There are a lot of factors that can make or break a campaign. Do all these things well, and your big idea becomes that much bigger. It also moves that much closer to becoming a reality.
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An Interview with Lionel Carreon


This is a great quote from an insightful interview with Lionel Carreon, senior creative recruiter at AKQA (full interview here):

What do you see over and over in portfolios that makes you cringe?
Thankfully, there isn’t much that is consistently cringe-worthy, apart from the occasional misguided idea. What I have noticed is that digital components have become as much a checklist item just like a TV spot or a print ad. They are often included in student campaigns for the sake of having them, often without any relevancy to the overall brand message and lacking any true innovation or stokes of genius. Two years ago it was an iPhone app, last year it was Twitter, this year Foursquare.

Very relevant to what I often see in my portfolio development class as well. Especially when it comes to that final quarter, students are often looking to check boxes. If it’s not a great concept, it doesn’t belong in your book, period.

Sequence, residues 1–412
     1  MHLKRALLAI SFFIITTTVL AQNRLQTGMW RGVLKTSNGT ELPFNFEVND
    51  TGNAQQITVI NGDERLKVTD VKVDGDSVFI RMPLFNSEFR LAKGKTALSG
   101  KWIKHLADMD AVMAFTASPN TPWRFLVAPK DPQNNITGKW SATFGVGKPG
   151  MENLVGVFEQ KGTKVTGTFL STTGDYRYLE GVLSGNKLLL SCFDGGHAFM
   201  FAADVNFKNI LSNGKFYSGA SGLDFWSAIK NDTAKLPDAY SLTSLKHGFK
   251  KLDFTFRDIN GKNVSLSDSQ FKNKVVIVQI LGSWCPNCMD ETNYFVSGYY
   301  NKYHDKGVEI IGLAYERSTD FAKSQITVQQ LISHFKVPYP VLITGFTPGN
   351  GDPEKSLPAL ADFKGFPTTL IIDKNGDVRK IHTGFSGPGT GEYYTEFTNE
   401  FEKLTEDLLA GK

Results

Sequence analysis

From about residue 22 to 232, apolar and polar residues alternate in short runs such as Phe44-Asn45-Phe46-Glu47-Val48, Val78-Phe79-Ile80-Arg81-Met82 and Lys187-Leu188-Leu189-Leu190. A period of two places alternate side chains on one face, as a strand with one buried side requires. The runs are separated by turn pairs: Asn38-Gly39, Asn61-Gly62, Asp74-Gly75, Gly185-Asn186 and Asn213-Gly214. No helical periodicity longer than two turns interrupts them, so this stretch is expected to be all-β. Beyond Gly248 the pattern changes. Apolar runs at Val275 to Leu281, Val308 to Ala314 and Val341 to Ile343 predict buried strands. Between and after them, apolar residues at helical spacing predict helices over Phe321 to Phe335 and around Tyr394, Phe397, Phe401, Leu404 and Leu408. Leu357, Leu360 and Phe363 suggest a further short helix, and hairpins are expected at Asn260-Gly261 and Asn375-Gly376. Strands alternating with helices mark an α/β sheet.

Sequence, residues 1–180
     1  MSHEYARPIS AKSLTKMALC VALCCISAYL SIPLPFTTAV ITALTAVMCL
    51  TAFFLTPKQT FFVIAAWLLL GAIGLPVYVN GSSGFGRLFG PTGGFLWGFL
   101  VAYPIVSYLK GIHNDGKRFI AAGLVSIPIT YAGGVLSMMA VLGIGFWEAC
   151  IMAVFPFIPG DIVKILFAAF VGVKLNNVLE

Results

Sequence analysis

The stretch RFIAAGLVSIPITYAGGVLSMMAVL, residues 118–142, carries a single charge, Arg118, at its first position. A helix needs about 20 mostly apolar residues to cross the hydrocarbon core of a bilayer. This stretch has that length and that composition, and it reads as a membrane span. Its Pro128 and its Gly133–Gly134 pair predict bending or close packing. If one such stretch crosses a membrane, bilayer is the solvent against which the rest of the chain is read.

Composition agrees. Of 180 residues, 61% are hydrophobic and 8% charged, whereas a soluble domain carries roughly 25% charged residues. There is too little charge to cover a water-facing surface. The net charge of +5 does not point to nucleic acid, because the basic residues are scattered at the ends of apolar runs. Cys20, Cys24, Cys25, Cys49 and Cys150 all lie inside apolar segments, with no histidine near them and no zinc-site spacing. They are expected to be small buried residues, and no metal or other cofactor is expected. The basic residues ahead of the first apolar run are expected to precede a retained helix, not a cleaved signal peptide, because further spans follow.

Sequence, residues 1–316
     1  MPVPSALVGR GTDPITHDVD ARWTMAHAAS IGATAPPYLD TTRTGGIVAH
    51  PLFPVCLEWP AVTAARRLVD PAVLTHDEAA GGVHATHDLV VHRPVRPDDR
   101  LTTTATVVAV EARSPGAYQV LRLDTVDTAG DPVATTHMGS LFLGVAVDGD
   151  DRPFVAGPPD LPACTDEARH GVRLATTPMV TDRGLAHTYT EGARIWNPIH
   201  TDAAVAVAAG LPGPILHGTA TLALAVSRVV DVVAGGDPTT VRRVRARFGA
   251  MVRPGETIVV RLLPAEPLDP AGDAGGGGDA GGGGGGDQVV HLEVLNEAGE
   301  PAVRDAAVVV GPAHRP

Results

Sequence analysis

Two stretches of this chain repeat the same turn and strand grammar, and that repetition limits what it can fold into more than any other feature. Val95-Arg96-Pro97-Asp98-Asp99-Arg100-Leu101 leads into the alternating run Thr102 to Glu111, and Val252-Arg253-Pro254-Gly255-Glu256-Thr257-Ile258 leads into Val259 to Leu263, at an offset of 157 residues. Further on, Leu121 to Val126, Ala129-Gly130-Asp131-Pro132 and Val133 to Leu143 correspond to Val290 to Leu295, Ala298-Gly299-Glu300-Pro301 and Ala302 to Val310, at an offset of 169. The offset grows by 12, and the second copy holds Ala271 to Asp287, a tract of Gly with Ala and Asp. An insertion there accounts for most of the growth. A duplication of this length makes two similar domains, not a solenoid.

Last night in class, someone set up a concept with “This is a Facebook idea.” Alarm bells went off right then. If you’re not setting up the idea with an insight about the brand and/or consumer, you should ask yourself if there is an idea. I heard the same theme consistently from speakers at Cannes this year: TECHNOLOGY IS NOT AN IDEA.

I completely understand the need and want to show that you are up on the latest technology, but without a relevant idea, it’s nothing. Ironically, agencies often do the exact same thing when they pitch new business–at the last second, they’ll say, “Shit! What’s our Twitter idea? We need a Twitter idea!” No, you don’t. You need a good idea, and maybe Twitter will be the best way to bring it to life.

Is your concept…

I was reading something the other day and wrote down these three words on a sticky note. I really wish I could remember what I was reading so I could give the person proper credit. I think it was about fiction writing. Maybe. I must be getting old. Anyway, whoever’s thoughts these were, they’re good.

When you’re judging your concepts, trying to decide if they’re good or not, ask yourself these three questions:

1) Is it Concrete?
Is it clearly communicating? Is it tangible? If you’re doing a radio spot, can you picture the scene? If it’s a headline, is it sharp? Does it conjure an image? Specifics are what make something concrete.

2) Is it Unexpected? This should be obvious. Don’t be derivative. And don’t be weird for the sake of weird, but your concept should be surprising in some way. Surprises tickle the brain (that’s a good thing).

3) Is it Emotional?
This doesn’t mean it has to be a weeper. But it should conjure some emotion–humor, amazement, nostalgia. Emotional and logical are not mutually exclusive. A surprising fact or logical twist also tickles the brain, and that’s a type of emotion.